24 January 2002
Other - Tourism (Good)
Space Tourism Is Here to Stay
Interview with Space Adventures
by Alan Breakstone
by Alan Breakstone
Nearly one year after Dennis Tito's historic voyage to orbit, space tourism is building momentum with no sign of stopping. Space tourism entrepreneurs are finding new business in the new frontier, and NASA no longer stands in the way of paying adventurers visiting the International Space Station ( ISS) aboard Russian Soyuz spacecraft.
Two recent articles, one on space.com ("Space Tourists Lining Up; Russians Hope $20M Price Tag Will Help Pay For ISS") and the other from spacer.com and Agence France-Presse ("Russia ready to sign on third 'space tourist'"), report that a third paying space traveler (after Tito and Mark Shuttleworth, scheduled for launch April 20) has been recruited by the space travel company Space Adventures. The company helped arrange for Tito and Shuttleworth's flights with the Russian Aviation and Space Agency, Rosaviacosmos. The flights are aboard the veteran Soyuz spacecraft, a proven and commercially viable flying machine whose price is known.
Space Adventures is finding new business in the stars. "We are definitely receiving more inquiries than before," says Space Adventures' Tereza Predescu. "Currently, we have a few people who might be the next space tourists." That includes two serious inquiries in January 2002, getting the new year off to a good start.
The age range of the new recruits averages around the mid-thirties to upper fifties. "As you know, Tito was 60, and our second client, Mark Shuttleworth, is only 28," says Predescu. And so far, all of the inquiries have been from men. "It would be great if we could sign up a woman for a trip to the ISS!" Predescu adds.
Making the road to the stars easier to travel, NASA has recently shown a friendlier attitude toward private citizen trips to ISS. In the summer of 2001, NASA, Rosaviacosmos, and the space station program's European partners reached an agreement outlining the basic requirements (including training) for future space tourists.
"NASA is starting to realize that space tourism is inevitable and no longer part of sci-fi," says Predescu. "It is a reality they HAVE to accept."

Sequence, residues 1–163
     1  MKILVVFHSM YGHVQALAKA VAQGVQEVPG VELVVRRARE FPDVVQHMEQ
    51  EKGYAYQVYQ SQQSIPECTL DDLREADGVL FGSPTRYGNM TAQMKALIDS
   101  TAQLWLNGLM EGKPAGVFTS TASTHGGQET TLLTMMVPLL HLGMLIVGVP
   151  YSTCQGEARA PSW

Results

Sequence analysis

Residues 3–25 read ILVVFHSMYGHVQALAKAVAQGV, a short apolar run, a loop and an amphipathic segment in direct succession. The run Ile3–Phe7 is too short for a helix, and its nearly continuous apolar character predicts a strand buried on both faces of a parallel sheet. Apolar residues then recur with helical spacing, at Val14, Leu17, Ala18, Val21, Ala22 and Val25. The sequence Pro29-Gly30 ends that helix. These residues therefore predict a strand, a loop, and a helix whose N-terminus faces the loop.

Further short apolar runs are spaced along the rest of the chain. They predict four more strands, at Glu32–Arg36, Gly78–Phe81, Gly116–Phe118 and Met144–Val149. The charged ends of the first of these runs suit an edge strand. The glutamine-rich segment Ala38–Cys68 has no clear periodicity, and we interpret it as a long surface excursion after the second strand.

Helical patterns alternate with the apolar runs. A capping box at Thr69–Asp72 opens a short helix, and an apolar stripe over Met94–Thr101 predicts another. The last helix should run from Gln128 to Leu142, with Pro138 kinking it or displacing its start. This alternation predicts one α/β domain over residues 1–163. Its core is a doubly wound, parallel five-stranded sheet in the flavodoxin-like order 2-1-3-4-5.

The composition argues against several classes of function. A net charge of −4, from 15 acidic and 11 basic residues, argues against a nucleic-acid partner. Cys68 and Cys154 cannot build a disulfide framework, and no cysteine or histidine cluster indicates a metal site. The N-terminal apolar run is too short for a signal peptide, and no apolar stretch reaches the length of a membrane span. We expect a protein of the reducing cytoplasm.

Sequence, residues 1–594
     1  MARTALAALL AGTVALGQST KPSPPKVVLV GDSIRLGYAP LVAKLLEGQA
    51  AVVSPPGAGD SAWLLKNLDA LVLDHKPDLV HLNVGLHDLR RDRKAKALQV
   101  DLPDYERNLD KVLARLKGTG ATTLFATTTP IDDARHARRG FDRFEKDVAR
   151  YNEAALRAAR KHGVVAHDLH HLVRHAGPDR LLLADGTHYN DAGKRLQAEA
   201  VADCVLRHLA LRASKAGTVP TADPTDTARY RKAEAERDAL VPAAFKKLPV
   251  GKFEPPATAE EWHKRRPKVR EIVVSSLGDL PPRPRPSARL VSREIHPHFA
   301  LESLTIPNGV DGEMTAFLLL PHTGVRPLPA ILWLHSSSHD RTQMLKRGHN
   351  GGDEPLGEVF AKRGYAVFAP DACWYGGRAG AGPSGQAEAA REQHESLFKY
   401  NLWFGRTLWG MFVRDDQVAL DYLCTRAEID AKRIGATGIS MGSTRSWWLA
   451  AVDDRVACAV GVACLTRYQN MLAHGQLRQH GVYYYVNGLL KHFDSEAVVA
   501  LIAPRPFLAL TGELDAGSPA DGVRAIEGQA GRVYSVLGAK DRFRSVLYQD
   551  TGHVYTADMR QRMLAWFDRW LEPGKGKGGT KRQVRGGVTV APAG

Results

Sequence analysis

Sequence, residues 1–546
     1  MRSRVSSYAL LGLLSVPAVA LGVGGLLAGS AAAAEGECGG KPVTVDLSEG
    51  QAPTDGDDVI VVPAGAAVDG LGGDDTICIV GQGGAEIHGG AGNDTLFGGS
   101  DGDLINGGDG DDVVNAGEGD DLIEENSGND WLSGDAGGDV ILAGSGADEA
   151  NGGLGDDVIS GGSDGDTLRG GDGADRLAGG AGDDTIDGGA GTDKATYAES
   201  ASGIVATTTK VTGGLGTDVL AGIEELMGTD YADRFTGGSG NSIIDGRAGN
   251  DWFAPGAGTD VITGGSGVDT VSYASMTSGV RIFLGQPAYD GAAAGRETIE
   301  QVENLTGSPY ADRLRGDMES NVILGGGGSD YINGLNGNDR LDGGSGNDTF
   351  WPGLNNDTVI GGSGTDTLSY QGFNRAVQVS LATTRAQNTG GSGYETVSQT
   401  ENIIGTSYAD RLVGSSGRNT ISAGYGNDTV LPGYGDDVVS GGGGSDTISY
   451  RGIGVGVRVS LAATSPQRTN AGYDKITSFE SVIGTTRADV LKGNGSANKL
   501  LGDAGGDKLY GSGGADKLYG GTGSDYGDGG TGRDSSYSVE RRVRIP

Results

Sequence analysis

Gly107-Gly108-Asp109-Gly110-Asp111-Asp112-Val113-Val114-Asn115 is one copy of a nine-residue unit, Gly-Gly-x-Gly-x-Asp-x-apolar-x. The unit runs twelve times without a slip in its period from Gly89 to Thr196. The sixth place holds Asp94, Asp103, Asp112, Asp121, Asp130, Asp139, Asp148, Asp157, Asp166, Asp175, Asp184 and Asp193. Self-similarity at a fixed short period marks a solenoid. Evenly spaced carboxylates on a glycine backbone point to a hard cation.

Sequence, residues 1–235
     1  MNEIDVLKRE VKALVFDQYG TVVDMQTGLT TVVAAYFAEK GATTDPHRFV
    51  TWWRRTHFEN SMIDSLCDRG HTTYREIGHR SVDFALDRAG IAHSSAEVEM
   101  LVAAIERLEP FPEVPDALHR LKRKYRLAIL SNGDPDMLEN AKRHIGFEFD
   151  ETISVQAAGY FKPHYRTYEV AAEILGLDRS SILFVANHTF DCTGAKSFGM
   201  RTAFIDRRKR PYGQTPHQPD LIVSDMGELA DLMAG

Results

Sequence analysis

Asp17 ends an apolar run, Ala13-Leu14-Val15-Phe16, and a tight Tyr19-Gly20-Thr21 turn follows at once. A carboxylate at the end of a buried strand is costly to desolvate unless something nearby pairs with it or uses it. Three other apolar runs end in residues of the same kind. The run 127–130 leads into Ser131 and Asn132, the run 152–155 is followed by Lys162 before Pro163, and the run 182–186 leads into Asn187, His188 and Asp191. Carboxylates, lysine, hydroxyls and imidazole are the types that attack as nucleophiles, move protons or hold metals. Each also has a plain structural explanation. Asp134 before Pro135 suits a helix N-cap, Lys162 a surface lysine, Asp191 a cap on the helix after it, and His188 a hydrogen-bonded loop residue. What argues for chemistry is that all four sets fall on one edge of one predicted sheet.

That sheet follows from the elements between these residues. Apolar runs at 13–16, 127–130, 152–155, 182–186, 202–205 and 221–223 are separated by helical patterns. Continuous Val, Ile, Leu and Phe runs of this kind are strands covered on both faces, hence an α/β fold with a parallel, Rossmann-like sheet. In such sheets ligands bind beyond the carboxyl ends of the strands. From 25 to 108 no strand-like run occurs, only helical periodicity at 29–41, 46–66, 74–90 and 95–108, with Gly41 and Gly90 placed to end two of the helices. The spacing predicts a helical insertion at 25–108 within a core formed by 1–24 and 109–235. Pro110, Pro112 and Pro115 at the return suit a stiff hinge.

Space Adventures does not see NASA as an opponent of space tourism in general.  "[NASA has] only shown resistance towards Tito, the first space tourist to visit the ISS," says Predescu. "With our second orbital client, Mark Shuttleworth, NASA has been very cooperative and positive."
Eventually, other vehicles could join the Soyuz in the growing space tourism industry. Predescu thinks the chances of using the Space Shuttle for tourism are very slim, but it is possible.
"NASA is a government research organization, and their role isn't commercial space exploration," she says. "That will be up to private companies like us. If NASA intends on transfrerring ownership of the Shuttle to USA [United Space Alliance, NASA's Shuttle operations contractor], they might be able to launch commercial payloads again. In that case, Space Adventures would invite the opportunity to offer our clients a choice of flying aboard the Shuttle or Soyuz to the ISS."
And there soon could be another route to orbit: the People's Republic of China and their Shenzhou spacecraft currently undergoing unpiloted testing.
"Given that their vehicle is a derivative of the Soyuz spacecraft, it is possible that some day [Space Adventures] clients may fly aboard the Shenzhou," says Predescu. "As for now, the Chinese government has yet to fly their own people, and we feel it may be too early to approach them."
It may be early yet, but the space tourism industry is off to a flying start.
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Alan Breakstone 24 January 2002
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